Hazel Ying Lee

04 July 2019
Left:Hazel Ying Lee in her uniform with a WASP (Women\'s Airforce Service Pilot) pin, ca. 1943; Right:Hazel Ying
Lee (R) with fellow pilot Virginia Wong, ca. 1932, Courtesy of Frances M. Tong, Museum of Chinese in American
(MOCA) Hazel Ying Lee & Frances M. Tong Collection
Virginia Wong,大约1932年,Frances M. Tong捐赠,美国华人博物馆(MOCA)馆藏

Hazel Ying Lee (1912-1944) was the first Chinese American woman to fly for the U.S. military. Born in Portland, Oregon, Lee’s unquenchable thirst for flight began at age 19, when she first rode in a friend’s plane at an airshow. Within a year, she became one of the first Chinese American women to earn a pilot’s license, despite prevailing sexist and anti-Chinese norms. When Japan invaded China in 1933, Lee moved to China to join the Chinese Air Force but was rejected as a female pilot and forced into desk jobs there and upon her return to the States. But in 1943, Lee became one of the first women and one of two Chinese American women (alongside Maggie Gee) to join the groundbreaking Women’s Airforce Service Pilots (WASP) program. While a part of the U.S. military during WWII, the WASPs were classified as civilians and not allowed to see combat, receive military benefits, or be buried in military funerals. Still, they flew critical, dangerous missions as they ferried new aircraft across the States and troubleshot malfunctions straight off the assembly line. Lee also became one of 132 female pilots trained to “fly pursuit,” or fast, high-powered fighters. Lee died in a crash due to control tower error at 32 years old, less than a month before the end of the WASP program. Throughout her career, Lee’s friends and colleagues would describe her as a “calm and fearless,” teaching them about Chinese culture without ever considering her race or gender as she destroyed historical barriers in the pursuit of her dreams. In 1977, the WASP pilots were finally recognized with military status. MOCA’s Hazel Ying Lee & Frances M. Tong Collection, donated by Hazel’s sister Frances M. Tong and filmmaker Alan H. Rosenberg, includes original personal photographs, family letters, documents, newspaper articles, and memorabilia.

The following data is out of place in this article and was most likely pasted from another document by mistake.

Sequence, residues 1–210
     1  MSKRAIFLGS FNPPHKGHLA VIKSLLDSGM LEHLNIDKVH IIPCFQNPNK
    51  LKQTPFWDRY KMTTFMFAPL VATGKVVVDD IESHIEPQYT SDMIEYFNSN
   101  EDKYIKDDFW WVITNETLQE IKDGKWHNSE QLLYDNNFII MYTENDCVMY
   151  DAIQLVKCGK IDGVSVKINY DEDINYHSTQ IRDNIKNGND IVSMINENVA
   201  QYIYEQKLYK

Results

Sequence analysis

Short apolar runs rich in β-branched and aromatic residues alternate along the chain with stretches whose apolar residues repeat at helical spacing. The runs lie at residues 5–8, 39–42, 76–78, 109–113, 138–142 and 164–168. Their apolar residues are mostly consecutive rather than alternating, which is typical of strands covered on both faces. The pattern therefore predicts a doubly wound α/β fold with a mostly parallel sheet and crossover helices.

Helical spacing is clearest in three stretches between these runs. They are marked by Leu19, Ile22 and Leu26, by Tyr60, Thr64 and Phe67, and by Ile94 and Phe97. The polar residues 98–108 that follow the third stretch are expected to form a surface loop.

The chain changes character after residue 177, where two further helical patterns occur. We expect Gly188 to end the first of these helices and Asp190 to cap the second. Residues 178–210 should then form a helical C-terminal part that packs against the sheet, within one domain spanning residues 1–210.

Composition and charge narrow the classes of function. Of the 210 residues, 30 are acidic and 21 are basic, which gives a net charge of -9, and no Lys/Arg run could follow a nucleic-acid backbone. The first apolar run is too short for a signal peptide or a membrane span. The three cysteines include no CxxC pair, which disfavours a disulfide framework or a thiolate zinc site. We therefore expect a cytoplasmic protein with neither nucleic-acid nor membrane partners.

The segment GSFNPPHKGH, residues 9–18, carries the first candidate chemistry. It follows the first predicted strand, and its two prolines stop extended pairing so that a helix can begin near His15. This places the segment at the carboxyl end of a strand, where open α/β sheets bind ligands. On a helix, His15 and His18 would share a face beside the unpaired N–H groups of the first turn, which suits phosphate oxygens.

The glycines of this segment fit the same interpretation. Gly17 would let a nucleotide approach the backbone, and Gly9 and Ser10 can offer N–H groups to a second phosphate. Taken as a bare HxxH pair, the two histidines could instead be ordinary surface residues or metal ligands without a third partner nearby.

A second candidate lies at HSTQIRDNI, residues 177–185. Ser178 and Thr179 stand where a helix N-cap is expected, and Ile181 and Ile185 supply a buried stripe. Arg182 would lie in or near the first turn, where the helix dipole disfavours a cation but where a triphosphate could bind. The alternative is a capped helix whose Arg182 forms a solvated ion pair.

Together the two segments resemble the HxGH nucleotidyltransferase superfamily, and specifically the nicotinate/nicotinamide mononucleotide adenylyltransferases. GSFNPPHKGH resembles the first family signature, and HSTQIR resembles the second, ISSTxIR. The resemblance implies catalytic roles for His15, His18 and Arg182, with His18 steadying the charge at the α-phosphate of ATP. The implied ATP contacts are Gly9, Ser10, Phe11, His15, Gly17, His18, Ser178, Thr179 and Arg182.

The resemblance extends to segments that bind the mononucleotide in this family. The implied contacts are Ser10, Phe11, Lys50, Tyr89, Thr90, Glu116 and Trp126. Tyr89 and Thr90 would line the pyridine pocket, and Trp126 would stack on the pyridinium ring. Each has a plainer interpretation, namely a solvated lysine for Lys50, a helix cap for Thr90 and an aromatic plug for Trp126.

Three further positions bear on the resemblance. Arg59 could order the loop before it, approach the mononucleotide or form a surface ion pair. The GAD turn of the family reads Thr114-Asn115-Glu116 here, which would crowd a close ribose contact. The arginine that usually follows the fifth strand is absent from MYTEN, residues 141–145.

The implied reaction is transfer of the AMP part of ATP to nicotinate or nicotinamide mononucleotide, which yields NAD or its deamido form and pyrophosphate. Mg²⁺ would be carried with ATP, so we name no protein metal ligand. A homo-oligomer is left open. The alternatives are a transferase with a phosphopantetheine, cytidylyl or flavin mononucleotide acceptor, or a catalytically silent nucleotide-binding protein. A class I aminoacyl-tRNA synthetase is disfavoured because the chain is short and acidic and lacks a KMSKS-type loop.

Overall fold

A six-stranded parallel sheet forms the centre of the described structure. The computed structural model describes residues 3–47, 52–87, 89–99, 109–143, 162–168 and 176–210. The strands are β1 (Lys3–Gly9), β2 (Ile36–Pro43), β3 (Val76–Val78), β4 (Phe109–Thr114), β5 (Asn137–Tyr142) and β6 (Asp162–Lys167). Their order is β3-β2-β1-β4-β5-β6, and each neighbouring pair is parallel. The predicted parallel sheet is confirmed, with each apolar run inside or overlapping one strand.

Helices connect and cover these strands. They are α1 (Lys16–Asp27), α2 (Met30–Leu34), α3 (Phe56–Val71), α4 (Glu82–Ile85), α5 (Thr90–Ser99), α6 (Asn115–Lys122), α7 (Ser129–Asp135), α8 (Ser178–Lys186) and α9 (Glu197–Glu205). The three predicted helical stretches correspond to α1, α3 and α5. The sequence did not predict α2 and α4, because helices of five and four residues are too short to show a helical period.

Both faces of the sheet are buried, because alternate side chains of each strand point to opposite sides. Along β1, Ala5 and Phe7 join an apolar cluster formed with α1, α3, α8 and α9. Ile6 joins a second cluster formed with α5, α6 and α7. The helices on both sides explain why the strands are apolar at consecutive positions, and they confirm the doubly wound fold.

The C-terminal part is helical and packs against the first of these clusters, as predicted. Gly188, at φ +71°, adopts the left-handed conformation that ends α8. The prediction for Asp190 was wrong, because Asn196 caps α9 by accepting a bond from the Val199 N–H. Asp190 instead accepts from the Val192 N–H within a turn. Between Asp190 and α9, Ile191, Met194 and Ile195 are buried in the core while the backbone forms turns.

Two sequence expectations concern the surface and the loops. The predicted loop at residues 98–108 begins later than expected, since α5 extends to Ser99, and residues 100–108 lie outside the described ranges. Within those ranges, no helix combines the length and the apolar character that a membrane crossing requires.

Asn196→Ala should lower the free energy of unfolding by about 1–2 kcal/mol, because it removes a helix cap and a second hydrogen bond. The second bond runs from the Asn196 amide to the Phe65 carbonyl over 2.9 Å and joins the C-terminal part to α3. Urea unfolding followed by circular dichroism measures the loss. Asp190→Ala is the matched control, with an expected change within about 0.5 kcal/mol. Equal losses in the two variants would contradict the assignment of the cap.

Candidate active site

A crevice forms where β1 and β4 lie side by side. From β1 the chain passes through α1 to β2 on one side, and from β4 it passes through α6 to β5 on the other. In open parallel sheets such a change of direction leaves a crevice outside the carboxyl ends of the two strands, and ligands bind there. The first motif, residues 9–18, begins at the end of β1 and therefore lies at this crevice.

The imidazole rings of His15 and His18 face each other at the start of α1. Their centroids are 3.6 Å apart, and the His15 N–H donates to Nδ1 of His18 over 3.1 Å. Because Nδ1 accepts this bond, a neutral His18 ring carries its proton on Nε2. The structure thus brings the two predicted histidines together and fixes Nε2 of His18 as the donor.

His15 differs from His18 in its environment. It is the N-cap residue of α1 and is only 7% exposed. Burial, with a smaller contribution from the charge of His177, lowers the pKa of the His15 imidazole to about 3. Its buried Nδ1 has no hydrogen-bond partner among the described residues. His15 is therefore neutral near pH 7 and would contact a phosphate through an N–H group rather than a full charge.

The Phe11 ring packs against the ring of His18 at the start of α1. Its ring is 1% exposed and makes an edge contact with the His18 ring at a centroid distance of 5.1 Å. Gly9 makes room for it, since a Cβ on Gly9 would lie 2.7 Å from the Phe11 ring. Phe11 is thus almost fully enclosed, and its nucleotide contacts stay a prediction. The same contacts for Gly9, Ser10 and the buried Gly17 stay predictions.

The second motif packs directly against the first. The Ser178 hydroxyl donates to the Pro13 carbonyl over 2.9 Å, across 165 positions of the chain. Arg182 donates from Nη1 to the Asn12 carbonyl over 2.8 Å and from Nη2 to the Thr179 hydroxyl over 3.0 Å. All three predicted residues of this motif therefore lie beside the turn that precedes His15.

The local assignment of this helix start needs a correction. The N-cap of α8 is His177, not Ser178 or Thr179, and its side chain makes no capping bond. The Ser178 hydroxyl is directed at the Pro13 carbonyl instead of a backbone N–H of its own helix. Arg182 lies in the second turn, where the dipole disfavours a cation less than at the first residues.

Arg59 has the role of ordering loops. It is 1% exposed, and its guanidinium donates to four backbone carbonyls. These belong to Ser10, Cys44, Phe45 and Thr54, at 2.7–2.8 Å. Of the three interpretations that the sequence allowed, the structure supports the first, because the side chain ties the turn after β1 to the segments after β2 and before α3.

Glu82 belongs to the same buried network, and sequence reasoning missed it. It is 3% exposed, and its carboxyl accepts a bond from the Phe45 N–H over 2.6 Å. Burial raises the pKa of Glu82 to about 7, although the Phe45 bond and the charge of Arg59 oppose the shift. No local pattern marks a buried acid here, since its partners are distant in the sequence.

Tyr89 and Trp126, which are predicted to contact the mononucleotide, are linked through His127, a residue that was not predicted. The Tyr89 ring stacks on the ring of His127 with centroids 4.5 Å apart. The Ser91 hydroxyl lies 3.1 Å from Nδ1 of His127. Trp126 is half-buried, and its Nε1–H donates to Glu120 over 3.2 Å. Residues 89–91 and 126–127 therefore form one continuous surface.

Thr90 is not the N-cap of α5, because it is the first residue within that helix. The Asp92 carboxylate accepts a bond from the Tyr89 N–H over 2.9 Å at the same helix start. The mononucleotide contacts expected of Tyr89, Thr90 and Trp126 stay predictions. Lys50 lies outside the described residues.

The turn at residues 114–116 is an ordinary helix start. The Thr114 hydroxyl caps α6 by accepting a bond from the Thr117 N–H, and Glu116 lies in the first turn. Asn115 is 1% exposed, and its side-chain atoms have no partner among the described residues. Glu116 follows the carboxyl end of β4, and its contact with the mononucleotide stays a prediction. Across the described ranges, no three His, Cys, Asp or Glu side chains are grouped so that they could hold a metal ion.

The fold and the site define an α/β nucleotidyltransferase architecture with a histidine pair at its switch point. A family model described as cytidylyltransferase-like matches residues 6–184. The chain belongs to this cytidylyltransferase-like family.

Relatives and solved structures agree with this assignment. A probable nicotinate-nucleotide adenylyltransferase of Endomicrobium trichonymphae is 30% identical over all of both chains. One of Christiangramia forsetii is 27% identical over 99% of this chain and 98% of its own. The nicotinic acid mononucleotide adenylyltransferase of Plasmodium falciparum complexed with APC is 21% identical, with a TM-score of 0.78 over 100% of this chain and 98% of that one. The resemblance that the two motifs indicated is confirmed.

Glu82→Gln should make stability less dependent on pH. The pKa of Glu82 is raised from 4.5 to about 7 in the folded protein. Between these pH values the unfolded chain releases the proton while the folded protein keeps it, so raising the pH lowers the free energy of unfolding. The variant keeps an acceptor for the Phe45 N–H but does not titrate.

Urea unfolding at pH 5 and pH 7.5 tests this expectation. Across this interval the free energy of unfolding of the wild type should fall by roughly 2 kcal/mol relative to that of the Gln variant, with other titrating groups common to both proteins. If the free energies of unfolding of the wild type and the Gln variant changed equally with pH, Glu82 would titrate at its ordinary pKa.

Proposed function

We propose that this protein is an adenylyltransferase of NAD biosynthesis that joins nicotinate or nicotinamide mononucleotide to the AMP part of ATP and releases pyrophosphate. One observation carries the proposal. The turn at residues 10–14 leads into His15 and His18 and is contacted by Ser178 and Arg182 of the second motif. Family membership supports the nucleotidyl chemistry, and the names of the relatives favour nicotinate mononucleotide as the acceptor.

李月英(1912-1944)是第一位为美国军队飞行的华裔美国女性。李月英出生于俄勒冈州波特兰市,19岁的她开始无法压抑对飞行的渴望,当时她参加航空展,第一次坐在朋友的飞机中。在一年之内,她不顾当时盛行的性别歧视和反华风潮,成为第一批获得飞行员执照的华裔美国女性之一。1933年日本入侵中国时,李月英前往中国想要加入中国空军,但却因为是女性而被拒绝了,她被迫在那做一些文书工作直到她回到美国。终于在1943年,李月英成为了第一批女飞行员,并作为仅有的两名华裔美国女飞行员(还有一位是朱美娇Maggie Gee)加入了一项新的美国女子航空勤务飞行队(WASP)计划。二战期间,尽管女子航空勤务飞行队也是美军的一部分,但是她们却被列为老百姓,不被允许参加战斗,获得军队福利或者被埋葬在军队墓地。尽管如此,当她们运送新飞机穿越美国,并在流水线上直接解决棘手的故障时,她们仍然执行着关键而危险的任务。李月英还成为132名接受过“飞行追击”,或者驾驶快速、高能力战斗机训练的女飞行员之一。在女子航空勤务飞行队(WASP)项目结束前不到一个月,32岁的李月英死于一次由控制塔的失误导致的事故。在她的整个职业生涯中,她的朋友和同事都把她描述成一个“冷静而无畏”的人,她教授给他们中国文化,却从不曾局限于自己的种族和性别,她在追求个人梦想的过程中勇于打破历史的藩篱。1977年,女子航空勤务飞行队的飞行员最终被承认其军人身份。MOCA的李月英和Frances M. Tong系列收藏由李月英的妹妹Frances M. Tong和电影制作人Alan H. Rosenberg捐赠,其中包括了原版个人照片、家族信件、文件、报纸文章和纪念品等。

Countdown to the TCS NYC Marathon on November 3, 2019: 216 Days.

2019年是美国第一条横贯大陆铁路建成150周年,为了纪念第一批华人来美建设这条铁路所做出的巨大贡献, MOCA将其2019 TCS NYC Marathon的活动命名为 MOCA Spike 150 – Running Forward With Our Stories! 鼓励大家通过马拉松公益跑,全国线上接力,以及一天一个故事的方式讲述150个华人的历史故事,敬请大家持续关注, 讲出华人自己的故事,回顾过去,立足现在,展望未来,共同书写美国历史,使之更加充实完整。

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